Mixed Random Performance

Our test of mixed random reads and writes covers mixes varying from pure reads to pure writes at 10% increments. Each mix is tested for up to 1 minute or 32GB of data transferred. The test is conducted with a queue depth of 4, and is limited to a 64GB span of the drive. In between each mix, the drive is given idle time of up to one minute so that the overall duty cycle is 50%.

Mixed 4kB Random Read/Write

The Optane SSDs put even Samsung's best NVMe SSDs to shame on the mixed random I/O test. The 800p is a little more than half as fast as the 900p, which is plenty to put it far out of reach of the flash-based SSDs.

Mixed 4kB Random Read/Write (Power Efficiency)

The Optane SSD 800p takes first place for power efficiency on the mixed random I/O test, with the 58GB model having a slight advantage over the 118GB due to the lower power consumption of operating half as many 3D XPoint dies. The flash-based SSDs come close to matching the efficiency of the Optane SSD 900p, but are far behind the 800p.

With no write buffering, the Optane SSDs show a steady decline in performance as the proportion of writes increases, with no spike in performance at the end as is typical of flash-based SSDs with aggressive write combining. The 800p shows a more pronounced reduction in performance than the 900p, while the 900p's power consumption climbs more.

Mixed Sequential Performance

Our test of mixed sequential reads and writes differs from the mixed random I/O test by performing 128kB sequential accesses rather than 4kB accesses at random locations, and the sequential test is conducted at queue depth 1. The range of mixes tested is the same, and the timing and limits on data transfers are also the same as above.

Mixed 128kB Sequential Read/Write

With only a PCIe x2 interface and sequential write speeds that only use a fraction of that bandwidth, the Optane SSD 800p is actually performing pretty well on the mixed sequential I/O test. The 800p has the same average performance as Samsung's fastest TLC SSD, and offers more than two thirds the performance of the Samsung 960 PRO.

Mixed 128kB Sequential Read/Write (Power Efficiency)

The power efficiency of the Intel Optane SSD 800p is second only to that of the Samsung 960 PRO. The 800p's efficiency score is far above the 900p and the low-end NVMe SSDs.

As with the mixed random I/O test, the Intel Optane SSD 800p shows a steady decline inn performance as more writes are added to the mix. The decline is steeper than the one shown by the 900p. Power consumption increases very slightly over the course of the test but still stays within the rated maximum.

Sequential Performance Power Management
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  • AnnonymousCoward - Wednesday, March 14, 2018 - link

    No. My understanding is that most load times are CPU bound, and there's a negligible difference from most 500MB/s SATA III drives vs the Samsung 950/960 vs Optane. That makes it completely pointless for almost all users. Reply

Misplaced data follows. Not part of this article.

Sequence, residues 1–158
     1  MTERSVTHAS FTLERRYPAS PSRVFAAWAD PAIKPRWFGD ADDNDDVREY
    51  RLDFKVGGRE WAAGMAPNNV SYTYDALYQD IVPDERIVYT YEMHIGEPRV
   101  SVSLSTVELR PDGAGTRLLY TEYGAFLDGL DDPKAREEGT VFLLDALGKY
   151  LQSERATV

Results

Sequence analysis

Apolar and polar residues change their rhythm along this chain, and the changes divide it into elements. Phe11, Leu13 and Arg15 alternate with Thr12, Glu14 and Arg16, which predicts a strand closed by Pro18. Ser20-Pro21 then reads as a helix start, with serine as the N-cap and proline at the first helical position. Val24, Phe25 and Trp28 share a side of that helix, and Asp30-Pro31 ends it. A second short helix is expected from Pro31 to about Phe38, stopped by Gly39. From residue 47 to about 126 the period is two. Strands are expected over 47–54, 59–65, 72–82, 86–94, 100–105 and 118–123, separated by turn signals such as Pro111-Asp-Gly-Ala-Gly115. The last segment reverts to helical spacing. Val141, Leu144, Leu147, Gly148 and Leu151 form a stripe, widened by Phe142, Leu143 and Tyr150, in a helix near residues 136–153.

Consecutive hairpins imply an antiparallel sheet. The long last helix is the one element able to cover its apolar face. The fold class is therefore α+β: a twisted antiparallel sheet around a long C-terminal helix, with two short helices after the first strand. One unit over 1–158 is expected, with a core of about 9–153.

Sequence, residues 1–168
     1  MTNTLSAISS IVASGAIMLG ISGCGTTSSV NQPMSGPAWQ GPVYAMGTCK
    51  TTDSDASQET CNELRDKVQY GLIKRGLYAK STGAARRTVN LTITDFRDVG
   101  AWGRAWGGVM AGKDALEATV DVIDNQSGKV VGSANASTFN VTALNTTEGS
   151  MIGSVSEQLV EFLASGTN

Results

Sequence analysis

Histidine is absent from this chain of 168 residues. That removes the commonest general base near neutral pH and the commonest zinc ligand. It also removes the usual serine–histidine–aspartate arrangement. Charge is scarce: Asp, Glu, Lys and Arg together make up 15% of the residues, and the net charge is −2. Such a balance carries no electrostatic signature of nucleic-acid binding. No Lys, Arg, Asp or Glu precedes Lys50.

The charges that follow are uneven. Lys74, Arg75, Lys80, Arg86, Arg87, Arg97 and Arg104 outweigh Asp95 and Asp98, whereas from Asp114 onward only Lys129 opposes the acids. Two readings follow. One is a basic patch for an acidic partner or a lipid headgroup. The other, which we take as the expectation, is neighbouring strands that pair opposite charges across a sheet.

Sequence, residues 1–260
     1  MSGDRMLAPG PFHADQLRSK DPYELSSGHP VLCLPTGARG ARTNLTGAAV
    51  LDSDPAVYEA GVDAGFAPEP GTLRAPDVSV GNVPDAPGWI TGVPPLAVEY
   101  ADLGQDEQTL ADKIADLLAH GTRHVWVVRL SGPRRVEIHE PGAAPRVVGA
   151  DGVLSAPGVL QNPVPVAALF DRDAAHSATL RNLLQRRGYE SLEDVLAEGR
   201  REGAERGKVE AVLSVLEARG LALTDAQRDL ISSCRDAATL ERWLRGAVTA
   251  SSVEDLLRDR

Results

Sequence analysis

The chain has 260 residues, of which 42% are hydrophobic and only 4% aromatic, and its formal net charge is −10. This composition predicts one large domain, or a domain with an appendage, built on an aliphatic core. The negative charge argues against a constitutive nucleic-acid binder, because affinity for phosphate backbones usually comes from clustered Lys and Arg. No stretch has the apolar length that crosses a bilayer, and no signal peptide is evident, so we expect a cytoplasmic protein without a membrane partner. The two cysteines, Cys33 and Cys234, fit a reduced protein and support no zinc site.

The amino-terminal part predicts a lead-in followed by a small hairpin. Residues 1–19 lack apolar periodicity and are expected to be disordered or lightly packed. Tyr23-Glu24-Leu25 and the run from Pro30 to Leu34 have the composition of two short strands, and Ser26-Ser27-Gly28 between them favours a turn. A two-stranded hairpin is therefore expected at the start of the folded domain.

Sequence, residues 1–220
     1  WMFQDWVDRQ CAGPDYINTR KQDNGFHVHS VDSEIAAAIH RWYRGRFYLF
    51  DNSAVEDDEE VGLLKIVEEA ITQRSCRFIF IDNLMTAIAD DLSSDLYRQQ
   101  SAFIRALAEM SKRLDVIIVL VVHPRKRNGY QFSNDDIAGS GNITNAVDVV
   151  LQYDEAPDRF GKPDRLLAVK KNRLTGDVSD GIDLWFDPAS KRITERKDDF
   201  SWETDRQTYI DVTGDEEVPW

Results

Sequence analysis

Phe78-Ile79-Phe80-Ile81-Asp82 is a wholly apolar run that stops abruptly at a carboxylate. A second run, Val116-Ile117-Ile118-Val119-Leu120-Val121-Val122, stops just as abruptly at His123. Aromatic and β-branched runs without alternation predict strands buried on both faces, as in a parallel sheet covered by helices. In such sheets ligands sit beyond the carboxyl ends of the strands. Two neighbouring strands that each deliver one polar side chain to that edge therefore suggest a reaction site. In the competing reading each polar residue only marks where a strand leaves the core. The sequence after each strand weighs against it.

• emvonline - Friday, March 16, 2018 - link

    so any reasonable calculation says chip can be cycled 7-10k times (mlc nand is specd at 10k). And total tbw is less than most of the competion 960 pro ssds. is this true? so its around enterprise mlc in endurance??? Reply
  • mkozakewich - Sunday, March 18, 2018 - link

    Why is everyone so bad at figuring out when to use things? This would be great in any environment where you're prioritizing low-queue-depth transfers. Obviously it's not going to replace your computer's SSD. Reply
  • MDD1963 - Friday, March 23, 2018 - link

    When these things cost less than and/or exceed the performance of the 960 EVO, perhaps then they will begin to sell.... Reply
  • DocNo - Thursday, April 12, 2018 - link

    Use this as L2 cache with PrimoCache and prepared to be amazed. I have the 64GB Optane paired with Primocache and the performance difference is notable - even with my primary drive being a Samsung M2 Pro series SSD drive. If I wasn't so happy with my current setup I'd be all over this new drive as an L2 cache. And unlike Intel's caching software for Optane, Primocache is trivial to install with no special requirements for BIOS or partitioning.

    http://www.romexsoftware.com/en-us/primo-cache/ind...

    Primocache is also the most inexpensive way I have found to accelerate Windows server too. I'm a huge fan!
    Reply
  • Chongsboy - Monday, August 27, 2018 - link

    Not sure where you guys work, or what you have against optane is, but under server conditions, a new mb design, would be wonderful for servers, ie: cloud servers. Where workers are a fricken arm and a leg, hardware costs is not that much of an issue, especially special discounts intel will give to big players. I feel that most ppl here commenting negatively dont actually run real life servers, dealing with thousands, maybe not even hundred requests per minute. Reliability amd speed trumps prices for these servers as if you dont realize aws and all cloud providers are ripping people off, and thats why these c rooked companies are earning billions. Anyways, i deal with these cloud systems in my work. I for one expect all large companies to mov to optane, because it's just that fast, and reliable: ie facebook, aws, azure, what not. Dunno why people are going nuts... we got intel haters galore here... Reply

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